The RC Factory Flash is one of those aeroplanes that’s just so very versatile and a better foamie 3D trainer you’ll struggle to find.
Flash eh? Great name isn’t it. Now I have to admit that while I love just about anything that flies, there is an exception, a model type of which I’m not the world’s greatest fan and it just happens to be the shock flyer. Had one, broke it, put the gear in something else…succinctly summarises my very short-lived shocky experience and my first thought was to dismiss this Flash as a late and rather large entrant on the shocky scene – big mistake.
Thankfully something made me pause when the Flash arrived. A glance at the box would have one assuming that it’s another Depron creation but this one’s EPP foam, very tough (almost indestructible say the makers) fully aerobatic, 3D capable, yet easy to fly and just the right size for large indoor halls too, on paper a versatile aeroplane.
Designed by David Kyjovsky who has a strong pedigree in performance 3D foamie models, Flash is made by a company called RC-Factory in the Czech Republic. The EPP foam model is well made, or rather I should say that the parts are beautifully cut and pre-decorated whilst supplied with a good hardware set, effective instruction sheets and diagrams.
Flash is designed for a 120-150 watt power system and should weigh in, ready to fly, at between 13-18oz. Micro servos are fine although the big control surfaces point to something a little meatier than the 1kg torque norm so I’ve used Super Tech Naro F 1.7kg torque units.
You’ll need a drop or two of cyano for this one – please make sure you ventilate the room though.CYANO READY?
There’s nothing to worry any average builder here as the assembly process is easy although the materials and methods used couldn’t be more different to a traditional balsa kit so slow, careful, considered construction makes sense if this is your first foamie. A few evenings of work should see Flash complete but do the work in a well ventilated room as this is a big cyano/kicker project and the fumes will quickly build up, ask me how I know.
The wing, fuselage and tail are strengthened by carbon rod for which slits must be cut before the rod is pushed home and cyano’d into place. The instruction diagrams don’t give precise indications as to where these should go but that’s not an issue and as long as the rod is inserted in approximately the right area, within a few cm perhaps, then all will be well. There’s just one area where a mistake may occur and this is where the fuselage, wings and tail are joined. It’s important to have the tail tab facing the correct way so double check the diagrams and box pic before it’s too late to go back.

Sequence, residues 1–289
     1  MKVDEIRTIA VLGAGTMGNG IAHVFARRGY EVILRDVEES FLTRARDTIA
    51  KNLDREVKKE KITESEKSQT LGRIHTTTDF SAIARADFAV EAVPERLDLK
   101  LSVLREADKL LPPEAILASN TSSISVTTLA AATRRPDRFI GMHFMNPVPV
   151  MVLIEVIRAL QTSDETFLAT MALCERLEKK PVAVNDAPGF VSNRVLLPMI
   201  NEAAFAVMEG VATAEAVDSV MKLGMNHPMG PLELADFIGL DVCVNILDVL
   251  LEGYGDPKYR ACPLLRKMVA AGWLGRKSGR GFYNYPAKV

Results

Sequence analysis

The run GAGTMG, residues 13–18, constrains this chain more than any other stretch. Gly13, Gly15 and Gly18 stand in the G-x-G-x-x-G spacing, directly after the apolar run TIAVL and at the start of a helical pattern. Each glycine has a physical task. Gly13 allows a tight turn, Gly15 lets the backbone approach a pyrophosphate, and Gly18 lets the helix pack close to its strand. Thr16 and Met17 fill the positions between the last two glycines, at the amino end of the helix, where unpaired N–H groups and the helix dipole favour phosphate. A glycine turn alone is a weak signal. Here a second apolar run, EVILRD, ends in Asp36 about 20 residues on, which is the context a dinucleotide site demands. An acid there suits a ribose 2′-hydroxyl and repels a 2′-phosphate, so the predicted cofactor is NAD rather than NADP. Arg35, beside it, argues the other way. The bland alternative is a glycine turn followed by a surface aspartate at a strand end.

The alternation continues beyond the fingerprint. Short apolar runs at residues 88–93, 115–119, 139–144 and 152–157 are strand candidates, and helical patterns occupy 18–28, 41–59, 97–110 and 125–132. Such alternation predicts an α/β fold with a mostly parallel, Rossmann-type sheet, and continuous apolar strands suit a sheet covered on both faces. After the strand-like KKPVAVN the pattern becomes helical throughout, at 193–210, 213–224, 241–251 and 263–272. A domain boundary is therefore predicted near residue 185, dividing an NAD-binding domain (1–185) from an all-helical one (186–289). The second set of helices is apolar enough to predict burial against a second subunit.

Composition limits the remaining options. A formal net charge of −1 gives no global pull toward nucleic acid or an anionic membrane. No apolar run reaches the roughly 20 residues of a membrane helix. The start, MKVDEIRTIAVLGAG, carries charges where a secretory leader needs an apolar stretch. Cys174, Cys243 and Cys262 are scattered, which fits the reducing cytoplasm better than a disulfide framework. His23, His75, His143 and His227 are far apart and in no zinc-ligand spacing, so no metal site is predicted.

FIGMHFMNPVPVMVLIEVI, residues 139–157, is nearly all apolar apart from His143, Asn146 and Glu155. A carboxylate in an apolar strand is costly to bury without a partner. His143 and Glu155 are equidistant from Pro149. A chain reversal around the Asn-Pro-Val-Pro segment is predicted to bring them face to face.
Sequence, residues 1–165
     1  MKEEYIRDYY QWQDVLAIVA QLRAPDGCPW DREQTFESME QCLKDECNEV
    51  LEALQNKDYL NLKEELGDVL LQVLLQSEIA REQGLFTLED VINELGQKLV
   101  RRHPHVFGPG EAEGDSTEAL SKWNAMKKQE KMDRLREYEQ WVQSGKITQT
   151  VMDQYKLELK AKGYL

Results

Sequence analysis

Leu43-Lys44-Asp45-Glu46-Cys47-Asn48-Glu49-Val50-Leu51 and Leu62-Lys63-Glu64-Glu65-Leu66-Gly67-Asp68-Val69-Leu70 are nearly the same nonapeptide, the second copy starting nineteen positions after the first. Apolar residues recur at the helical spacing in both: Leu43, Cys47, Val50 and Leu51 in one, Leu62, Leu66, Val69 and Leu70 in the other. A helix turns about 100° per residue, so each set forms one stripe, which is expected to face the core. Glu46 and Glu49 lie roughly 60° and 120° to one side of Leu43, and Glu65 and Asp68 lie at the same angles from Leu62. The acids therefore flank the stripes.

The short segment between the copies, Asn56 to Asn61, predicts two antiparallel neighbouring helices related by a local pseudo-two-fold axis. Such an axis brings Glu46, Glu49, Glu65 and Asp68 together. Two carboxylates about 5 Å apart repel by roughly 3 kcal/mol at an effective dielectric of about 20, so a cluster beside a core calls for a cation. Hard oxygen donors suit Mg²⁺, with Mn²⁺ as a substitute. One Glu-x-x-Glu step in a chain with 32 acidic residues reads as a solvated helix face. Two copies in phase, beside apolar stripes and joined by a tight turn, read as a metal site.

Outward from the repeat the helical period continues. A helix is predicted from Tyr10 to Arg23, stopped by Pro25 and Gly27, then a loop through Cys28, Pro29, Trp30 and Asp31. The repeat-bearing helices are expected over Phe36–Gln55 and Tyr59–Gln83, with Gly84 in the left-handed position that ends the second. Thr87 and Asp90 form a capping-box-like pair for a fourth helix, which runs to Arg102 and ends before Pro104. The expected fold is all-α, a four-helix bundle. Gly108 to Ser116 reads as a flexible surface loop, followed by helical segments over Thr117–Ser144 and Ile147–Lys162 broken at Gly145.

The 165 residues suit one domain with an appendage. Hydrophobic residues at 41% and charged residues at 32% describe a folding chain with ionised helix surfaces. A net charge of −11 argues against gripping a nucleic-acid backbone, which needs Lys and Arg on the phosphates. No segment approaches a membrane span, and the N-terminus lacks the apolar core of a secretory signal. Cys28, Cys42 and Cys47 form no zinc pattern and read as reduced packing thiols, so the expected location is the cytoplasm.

I followed the instructions to the letter apart from screwing on the undercarriage at the very last, this allowed the airframe to stay flat on my workbench throughout assembly. Holes must be cut for the servos and again, like the carbon rod, precise locations are left to the builder but remembering that the servo leads should come together at the receiver without extensions should reveal their locations to within a few mm. The instructions suggest gluing the servos into place which is something I always hate doing, so although there’s probably little option but to tack the rudder unit with a little cyano as I did, good double sided tape keeps the aileron and elevator servos secure in my model.
Flying the model has highlighted a couple of minor maintenance issues worthy of attention at the building stage. Firstly, the spats may look nice but they’re unhappy when introduced to grass so don’t taxi the model if you’d prefer them to remain in place – those on my model were removed after a few flights when I grew weary of repairs. They’re glued to a bar that’s fitted to the axle but a stronger arrangement is required when flying from anything other than smooth surfaces. Second, the tail skid supplied with the model is too short to stop the tail from rubbing on uneven ground so I’ve fitted a longer skid, cut from a piece of strong, clear plastic.
Cyano’d cocktail sticks help retain the motor mount – works well too.PRE-FLIGHT
My system measures in at 160 watts drawing 17 amps at full throttle which is uncomfortably close to the 18amp rating of the ESC I’ve selected. Concerns that this unit would prematurely expire have been unfounded however, as in reality the model flies very well and with sufficient authority at just half throttle, indeed this is sufficient power to maintain a hover so I’ve rarely flown at full throttle for any more than a few seconds at a time through a flight.